We’ve all judged that parent with the badly behaving kid.
You know the one. With the kid that whinges, whines, hits, hurts, back talks or bites. We look at the kid and see their behaviour as a reflection on their parent. As if somehow their kid would be better behaved if they were a better parent.
But I’ve been that parent. And I’m here to tell you that I’m not responsible for my kid’s bad behaviour.
What? I hear you splutter. If not me, then who? you ask.
Just hold your judgmental, blame and shame horses. Let me be very clear. I am not responsible for my kid’s bad behaviour. They are. My kids.
My kids are responsible for their behaviour. Not me. And because they are little humans still learning, they learn by pushing the boundaries, by testing the limits of their world. And this means sometimes their behaviour is not perfect. They are normal kids being normal kids, because after all that’s their job, it’s who they are: kids.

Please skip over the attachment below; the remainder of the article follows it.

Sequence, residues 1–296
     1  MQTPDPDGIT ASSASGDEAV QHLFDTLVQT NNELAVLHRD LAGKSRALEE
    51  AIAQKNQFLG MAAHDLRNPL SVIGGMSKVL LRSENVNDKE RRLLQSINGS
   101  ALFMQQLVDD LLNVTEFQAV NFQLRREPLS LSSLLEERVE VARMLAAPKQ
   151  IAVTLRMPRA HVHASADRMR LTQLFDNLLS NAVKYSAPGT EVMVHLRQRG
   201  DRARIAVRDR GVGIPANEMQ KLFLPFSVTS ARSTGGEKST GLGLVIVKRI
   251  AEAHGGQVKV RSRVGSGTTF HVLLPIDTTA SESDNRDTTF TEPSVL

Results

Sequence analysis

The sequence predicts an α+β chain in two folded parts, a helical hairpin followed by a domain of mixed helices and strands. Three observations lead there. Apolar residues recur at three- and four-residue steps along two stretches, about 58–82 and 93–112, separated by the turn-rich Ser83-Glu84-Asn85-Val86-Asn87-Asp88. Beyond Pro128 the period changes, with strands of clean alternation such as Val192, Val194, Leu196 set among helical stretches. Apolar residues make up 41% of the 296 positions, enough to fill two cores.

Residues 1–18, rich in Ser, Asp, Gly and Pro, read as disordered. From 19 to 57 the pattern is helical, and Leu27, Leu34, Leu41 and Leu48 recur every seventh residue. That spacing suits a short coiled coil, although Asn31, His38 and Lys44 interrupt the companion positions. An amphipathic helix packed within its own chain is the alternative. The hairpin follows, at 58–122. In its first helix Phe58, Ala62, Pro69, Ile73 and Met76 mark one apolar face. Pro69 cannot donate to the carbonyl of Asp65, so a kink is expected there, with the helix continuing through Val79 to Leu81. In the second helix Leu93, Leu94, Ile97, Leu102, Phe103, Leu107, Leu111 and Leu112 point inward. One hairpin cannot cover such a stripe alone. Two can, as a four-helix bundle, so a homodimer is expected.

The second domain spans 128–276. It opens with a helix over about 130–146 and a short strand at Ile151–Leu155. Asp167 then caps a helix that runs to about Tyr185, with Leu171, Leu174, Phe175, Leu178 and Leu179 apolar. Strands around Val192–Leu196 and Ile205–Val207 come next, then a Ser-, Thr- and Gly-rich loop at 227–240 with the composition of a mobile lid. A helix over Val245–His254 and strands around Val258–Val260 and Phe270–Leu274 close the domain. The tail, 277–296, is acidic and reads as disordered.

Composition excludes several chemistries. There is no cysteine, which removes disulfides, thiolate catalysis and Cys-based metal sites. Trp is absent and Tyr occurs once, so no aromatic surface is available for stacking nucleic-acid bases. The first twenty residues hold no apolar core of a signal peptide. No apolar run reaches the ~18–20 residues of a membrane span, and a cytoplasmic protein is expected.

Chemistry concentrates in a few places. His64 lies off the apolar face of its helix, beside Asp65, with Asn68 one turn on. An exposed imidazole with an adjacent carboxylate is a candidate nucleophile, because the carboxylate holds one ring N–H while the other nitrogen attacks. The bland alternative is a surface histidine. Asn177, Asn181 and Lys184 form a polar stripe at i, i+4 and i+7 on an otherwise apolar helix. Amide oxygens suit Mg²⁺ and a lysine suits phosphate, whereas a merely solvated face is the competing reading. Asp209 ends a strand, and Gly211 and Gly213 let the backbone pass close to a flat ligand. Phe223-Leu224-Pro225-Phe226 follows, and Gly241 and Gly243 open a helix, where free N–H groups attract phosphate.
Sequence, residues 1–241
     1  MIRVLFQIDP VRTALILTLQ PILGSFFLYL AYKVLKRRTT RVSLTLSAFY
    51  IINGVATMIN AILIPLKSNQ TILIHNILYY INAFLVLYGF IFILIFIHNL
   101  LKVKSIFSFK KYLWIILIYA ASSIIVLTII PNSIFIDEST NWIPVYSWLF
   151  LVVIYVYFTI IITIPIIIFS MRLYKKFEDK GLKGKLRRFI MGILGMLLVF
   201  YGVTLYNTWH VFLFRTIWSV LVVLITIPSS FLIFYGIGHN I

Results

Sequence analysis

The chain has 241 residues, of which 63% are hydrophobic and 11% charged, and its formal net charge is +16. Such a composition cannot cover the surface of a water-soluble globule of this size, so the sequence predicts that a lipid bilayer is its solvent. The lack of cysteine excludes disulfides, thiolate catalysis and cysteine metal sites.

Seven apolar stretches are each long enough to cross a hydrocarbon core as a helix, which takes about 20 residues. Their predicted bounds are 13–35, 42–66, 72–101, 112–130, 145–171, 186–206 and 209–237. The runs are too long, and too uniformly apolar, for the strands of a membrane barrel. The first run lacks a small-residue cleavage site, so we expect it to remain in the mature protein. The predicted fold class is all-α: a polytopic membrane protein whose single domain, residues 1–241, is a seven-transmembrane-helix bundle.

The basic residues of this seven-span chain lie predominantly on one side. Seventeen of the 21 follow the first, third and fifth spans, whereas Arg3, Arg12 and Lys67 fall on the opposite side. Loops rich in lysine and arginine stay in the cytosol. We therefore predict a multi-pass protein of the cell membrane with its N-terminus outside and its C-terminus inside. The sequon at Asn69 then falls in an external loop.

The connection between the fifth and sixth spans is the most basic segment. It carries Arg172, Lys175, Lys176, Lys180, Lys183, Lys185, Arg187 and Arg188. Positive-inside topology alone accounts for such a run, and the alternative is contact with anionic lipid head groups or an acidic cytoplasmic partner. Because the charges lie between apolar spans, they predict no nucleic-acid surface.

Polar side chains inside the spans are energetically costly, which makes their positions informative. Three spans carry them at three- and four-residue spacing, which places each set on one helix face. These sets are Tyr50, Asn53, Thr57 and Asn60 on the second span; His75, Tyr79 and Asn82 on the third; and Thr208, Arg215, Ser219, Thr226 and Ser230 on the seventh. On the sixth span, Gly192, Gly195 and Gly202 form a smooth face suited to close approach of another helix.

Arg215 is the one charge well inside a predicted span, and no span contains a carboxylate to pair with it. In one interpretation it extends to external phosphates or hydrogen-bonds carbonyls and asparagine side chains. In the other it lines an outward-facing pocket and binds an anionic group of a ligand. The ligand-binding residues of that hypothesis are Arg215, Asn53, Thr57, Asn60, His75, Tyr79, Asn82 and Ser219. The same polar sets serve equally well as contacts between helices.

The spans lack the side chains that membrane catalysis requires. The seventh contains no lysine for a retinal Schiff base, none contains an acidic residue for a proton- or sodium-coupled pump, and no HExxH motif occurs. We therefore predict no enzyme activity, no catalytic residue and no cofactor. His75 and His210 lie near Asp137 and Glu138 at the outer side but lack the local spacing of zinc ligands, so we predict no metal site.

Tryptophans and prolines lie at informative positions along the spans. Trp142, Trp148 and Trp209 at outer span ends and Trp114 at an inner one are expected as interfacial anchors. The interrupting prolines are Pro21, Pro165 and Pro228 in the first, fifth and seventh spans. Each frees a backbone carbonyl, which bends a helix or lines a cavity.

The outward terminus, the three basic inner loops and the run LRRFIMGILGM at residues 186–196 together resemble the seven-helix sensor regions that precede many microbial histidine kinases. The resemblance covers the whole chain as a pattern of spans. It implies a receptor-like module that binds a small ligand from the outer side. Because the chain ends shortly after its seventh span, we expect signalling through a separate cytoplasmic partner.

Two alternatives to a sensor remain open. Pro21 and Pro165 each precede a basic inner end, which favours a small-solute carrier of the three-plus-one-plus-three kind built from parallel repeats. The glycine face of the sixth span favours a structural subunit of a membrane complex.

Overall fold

What I am responsible for is how I respond. Because while it’s their job to be kids, it’s my job as their parent to do just that: parent. To teach, to help them learn, to show them how to behave. To catch them doing things rights and teach them where the boundaries are when they get things wrong.
But for all that parenting, and trust me it’s constant, sometimes my kids behave badly. Because they’re tired. Or sick. Or scared. Or angry or frustrated or hungry. Or maybe, just maybe because they’re human. And none of us behave perfectly all the time, even we adults who have had a lot more practice.
My kids are not robots. I have no remote to control how they behave. And though sometimes I might wish I did (volume control anyone? sleep button?) what makes my kids who they are is that they are themselves. In all their gorgeous, kind, caring, honest, helpful moments, and in their messy, maddening, badly behaved ones. And I wouldn’t have them any other way.
So next time you see a kid having a bad moment, see it as just that. Hold the parenting judgement, because let’s face it, if perfect parenting is judged on perfectly behaved children, we would all fail. Bad behavior reflects only an imperfect little person still learning how to be human.